We lowered the dinghy and prepared to kedge off. This means taking an anchor out into deeper water and using it to heave a boat off the shoal. Kathie was helping me lower the anchor into the stern of our dinghy so I could row it to the far side of the channel when two fishermen in a boat named the ‘Dennisville Princess’ came along. The captain stopped and pointed out where we had gone wrong, which I appreciated so that we weren’t doomed to get stuck a second time in the same spot. Seeing that we were about to kedge the boat off, he offered to take our anchor slightly upstream & across the channel for us. We quickly agreed and it took them very little time to drop the anchor in the perfect spot for us. We took a strain on the anchor rode, and our bow swung towards deep water. A little more winching and we were again floating free!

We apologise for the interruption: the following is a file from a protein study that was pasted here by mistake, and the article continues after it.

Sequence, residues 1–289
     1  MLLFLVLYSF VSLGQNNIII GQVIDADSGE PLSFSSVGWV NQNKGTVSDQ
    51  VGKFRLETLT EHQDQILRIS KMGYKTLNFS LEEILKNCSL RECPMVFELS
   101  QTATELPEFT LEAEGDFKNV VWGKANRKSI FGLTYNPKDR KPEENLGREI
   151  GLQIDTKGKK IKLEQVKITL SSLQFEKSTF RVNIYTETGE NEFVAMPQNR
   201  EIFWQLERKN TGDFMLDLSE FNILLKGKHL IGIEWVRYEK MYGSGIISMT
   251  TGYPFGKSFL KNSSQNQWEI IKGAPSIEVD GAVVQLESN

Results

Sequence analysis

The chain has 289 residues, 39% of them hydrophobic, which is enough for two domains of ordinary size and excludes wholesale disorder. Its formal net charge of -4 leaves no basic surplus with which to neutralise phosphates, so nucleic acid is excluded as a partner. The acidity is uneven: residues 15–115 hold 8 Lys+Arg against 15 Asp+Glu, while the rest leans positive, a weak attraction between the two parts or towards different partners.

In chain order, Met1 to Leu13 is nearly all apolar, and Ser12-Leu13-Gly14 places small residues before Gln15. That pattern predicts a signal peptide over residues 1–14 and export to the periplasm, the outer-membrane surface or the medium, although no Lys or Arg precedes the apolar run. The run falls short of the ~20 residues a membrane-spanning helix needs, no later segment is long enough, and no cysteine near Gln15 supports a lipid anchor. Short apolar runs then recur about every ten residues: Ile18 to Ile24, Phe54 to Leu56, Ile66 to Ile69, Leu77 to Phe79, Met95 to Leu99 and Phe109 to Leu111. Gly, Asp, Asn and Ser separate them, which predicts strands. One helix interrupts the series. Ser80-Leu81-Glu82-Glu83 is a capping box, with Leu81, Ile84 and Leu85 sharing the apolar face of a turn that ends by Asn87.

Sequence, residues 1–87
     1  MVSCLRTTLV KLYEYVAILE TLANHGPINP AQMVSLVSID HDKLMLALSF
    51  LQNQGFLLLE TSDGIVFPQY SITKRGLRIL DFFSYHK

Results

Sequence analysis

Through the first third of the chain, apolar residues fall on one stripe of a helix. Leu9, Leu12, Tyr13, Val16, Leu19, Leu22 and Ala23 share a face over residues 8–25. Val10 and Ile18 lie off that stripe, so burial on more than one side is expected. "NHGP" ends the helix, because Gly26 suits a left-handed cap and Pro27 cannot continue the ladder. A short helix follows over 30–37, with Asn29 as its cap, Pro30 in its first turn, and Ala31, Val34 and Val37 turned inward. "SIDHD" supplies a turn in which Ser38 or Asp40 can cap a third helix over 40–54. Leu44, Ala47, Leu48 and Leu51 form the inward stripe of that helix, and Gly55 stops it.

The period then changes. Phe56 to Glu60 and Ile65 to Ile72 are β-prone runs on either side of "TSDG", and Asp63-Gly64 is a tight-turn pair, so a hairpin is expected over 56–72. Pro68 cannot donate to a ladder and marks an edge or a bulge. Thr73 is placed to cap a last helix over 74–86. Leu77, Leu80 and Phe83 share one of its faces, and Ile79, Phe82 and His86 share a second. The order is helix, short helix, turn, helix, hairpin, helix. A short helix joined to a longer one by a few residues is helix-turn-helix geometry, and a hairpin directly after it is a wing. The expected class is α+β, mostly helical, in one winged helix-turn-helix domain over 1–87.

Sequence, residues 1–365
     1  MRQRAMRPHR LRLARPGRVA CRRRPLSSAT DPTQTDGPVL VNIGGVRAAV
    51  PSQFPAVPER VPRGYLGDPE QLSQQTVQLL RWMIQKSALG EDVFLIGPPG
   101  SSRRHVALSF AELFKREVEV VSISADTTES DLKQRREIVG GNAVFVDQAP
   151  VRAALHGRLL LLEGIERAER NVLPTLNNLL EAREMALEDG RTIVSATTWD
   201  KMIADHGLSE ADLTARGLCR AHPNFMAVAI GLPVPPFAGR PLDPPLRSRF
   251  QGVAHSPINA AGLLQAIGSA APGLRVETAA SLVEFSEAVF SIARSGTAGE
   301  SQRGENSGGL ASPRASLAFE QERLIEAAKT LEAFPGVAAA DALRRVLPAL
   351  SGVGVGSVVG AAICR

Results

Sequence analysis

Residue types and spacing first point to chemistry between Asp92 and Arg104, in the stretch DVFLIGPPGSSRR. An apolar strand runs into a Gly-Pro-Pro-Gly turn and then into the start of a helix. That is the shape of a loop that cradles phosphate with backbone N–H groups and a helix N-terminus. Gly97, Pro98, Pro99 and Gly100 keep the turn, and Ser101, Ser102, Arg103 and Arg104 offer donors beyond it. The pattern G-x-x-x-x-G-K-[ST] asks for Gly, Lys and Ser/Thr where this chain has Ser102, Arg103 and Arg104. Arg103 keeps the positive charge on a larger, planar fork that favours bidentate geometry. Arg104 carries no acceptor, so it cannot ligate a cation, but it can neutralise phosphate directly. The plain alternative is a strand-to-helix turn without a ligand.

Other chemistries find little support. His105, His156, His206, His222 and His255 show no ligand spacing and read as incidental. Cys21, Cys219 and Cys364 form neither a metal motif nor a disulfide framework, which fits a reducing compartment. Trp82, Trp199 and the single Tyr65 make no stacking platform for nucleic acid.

You can see shallow water doesn't bother Hank.

A few hours later, with the tide even lower, we were passing through a marshy estuary named Great Sound. No joke, the soundings on the chart are all less than 2, doesn’t sound so “great” to me! There was a straight line of channel markers but only a hint of an actual channel. We dragged our keel in the mud several times. Once during this passage, I actually left the boat stopped in the mud and rowed around in the dinghy, probing with a boat hook to find the deepest water so we could figure out where to go next! A greater misfortune befell two speedboats who got solidly stuck near us along this stretch (oddly enough, this happened as they zipped around us, steering *outside the channel* that we were stuck in!). Remembering the heroes of the ‘Dennisville Princess,’ we tried to pull one of them off but could not budge them. The people thanked us for our attempt and said they’d just wait for the tide to come back in.